Saturday, November 14, 2009

Suffering Souls - Sadistic Goat Complex (2009)

Suffering Souls is a symphonic black metal band out of Germany, and Sadistic Goat Complex is their third foray into creepy castles and haunted house environments. I kid, of course, the band is a little more serious than that, and this ultimately an enjoyable album, if not groundbreaking. To arrive at their sound, take the more playful black rasping and frenetic organ driven black metal of Dimmu Borgir, Gloomy Grim and perhaps a little Hangman's Hymn from Sigh, and lavish it all in even more use of the keyboards. The material has a tendency towards faster material, but the band does make use of breakdowns and the entire album is paced well.

Most bands today shy away from this style, or simply fail to deliver, but Suffering Souls is successful because they fully embrace all the cheesiness and the sadism required to pull it off. There are some fine songs on the album. Notable is the glorious, broken charge of "Cursed Gates of Heaven", which makes me want to don some awful corpse paint, a plastic barbarian sword from the local Dollar Store, and a cape and run around the woods near my neighborhood howling blasphemy until the cops pick me up. "Resurrected Messiah" is even better, with an incredibly catchy orchestration that sounds like a choir of angels cannibalizing one another, drunk with blood and the stained with the tears of heavens. The vocals of Lord Esgaroth are consistent, though as you listen to them impart their diabolic lyrics they are also quite funny (in a good way). Though the album reaches its high water...err...slaughter mark within the first few tracks, the rest does not disappoint. The bloody "Elegance & Perversion", the thundering "Art of Arrogance" and the closing anthem "Bloodstorm" are all pretty fetching, especially the orgasmic male whispers in the latter.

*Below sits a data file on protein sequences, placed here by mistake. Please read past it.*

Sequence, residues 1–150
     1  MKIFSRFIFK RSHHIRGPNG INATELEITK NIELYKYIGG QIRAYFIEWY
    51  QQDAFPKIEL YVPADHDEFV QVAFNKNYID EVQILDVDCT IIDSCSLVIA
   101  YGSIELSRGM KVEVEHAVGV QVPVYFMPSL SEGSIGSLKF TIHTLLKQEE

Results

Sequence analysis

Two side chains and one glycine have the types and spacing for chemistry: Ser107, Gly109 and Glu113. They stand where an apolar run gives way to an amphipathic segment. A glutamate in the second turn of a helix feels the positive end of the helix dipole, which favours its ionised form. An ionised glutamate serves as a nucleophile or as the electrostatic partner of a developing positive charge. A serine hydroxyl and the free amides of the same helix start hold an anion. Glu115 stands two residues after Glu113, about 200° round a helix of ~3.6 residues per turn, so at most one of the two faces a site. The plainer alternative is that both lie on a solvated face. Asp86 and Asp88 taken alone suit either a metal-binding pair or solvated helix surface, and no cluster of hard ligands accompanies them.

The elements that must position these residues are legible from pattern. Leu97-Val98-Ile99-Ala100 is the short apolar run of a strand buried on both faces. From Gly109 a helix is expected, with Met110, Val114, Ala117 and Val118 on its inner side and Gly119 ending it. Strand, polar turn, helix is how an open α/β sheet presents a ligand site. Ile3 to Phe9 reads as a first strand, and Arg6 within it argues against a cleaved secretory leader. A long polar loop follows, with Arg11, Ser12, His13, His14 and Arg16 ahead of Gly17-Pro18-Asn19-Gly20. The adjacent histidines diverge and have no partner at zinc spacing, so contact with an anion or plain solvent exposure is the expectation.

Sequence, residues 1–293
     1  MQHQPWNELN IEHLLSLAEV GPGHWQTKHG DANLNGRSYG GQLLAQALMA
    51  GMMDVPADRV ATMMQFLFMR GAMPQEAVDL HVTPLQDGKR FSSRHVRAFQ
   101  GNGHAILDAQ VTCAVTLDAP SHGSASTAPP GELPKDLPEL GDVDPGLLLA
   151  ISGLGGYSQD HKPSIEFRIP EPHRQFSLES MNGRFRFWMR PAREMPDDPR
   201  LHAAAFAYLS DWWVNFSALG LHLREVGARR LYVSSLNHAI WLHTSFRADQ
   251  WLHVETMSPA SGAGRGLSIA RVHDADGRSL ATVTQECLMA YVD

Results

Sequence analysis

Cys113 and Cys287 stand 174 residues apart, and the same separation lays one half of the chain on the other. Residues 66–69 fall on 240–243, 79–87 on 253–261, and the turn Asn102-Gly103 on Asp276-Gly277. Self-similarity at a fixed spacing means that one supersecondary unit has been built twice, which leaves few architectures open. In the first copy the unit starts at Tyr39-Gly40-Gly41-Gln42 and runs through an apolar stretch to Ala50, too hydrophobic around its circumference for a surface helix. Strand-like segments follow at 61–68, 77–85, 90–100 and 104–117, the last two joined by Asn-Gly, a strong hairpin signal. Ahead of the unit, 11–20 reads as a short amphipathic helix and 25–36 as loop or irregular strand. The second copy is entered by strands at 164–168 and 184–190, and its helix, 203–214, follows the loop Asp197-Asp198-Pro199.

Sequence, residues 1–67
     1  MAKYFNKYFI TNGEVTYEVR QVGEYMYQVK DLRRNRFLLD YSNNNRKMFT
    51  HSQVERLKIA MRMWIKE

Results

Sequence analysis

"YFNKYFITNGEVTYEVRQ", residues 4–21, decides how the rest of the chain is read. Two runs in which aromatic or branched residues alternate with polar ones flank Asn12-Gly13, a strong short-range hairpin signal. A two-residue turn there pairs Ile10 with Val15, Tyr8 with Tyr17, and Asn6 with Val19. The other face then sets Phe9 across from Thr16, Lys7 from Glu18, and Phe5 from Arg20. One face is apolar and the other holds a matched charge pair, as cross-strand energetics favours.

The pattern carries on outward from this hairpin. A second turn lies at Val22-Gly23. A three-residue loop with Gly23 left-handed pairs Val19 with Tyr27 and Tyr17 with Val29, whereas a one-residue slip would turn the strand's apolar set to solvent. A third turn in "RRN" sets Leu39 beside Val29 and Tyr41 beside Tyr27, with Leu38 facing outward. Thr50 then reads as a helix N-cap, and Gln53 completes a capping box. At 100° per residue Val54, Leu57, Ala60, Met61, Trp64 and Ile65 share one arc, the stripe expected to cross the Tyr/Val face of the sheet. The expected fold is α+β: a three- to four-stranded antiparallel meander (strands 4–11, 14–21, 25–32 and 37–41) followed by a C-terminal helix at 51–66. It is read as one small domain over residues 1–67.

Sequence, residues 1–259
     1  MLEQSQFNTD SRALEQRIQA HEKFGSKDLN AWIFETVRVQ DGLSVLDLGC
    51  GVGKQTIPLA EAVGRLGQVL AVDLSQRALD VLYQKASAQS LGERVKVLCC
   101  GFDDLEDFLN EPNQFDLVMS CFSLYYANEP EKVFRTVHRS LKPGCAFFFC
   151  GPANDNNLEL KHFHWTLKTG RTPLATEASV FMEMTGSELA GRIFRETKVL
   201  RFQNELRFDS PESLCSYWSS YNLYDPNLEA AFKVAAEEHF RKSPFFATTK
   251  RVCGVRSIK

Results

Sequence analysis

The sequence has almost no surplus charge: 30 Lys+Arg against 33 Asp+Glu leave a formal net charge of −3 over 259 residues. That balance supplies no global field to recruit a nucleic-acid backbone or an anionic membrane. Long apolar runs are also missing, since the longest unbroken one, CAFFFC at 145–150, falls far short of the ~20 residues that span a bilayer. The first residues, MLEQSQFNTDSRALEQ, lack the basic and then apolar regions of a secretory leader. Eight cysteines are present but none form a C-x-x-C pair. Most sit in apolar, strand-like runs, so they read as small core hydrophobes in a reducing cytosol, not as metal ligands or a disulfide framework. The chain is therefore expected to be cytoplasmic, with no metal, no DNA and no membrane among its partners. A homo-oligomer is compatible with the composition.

This is really the perfect album to recommend to fans of Covenant's Nexus Polaris, or Dimmu Borgir's recent material (though Suffering Souls are not as brutal or unrelenting). I was quite thoroughly entertained throughout, and some of the songs here are good enough that they would transcend my ribald fascination with the cheesier aspects of the lyrics and performance. I think a lot of people will hate this because they won't approach it in the proper mindset, but I am fortunate to not count myself among them. If you don't look down upon the few bands that still exercise this form of symphonic blackness, you should probably hear this.

Highlights: Cursed Gates of Heaven, Resurrected Messiah, Elegance & Perversion

Verdict: Win [8/10]

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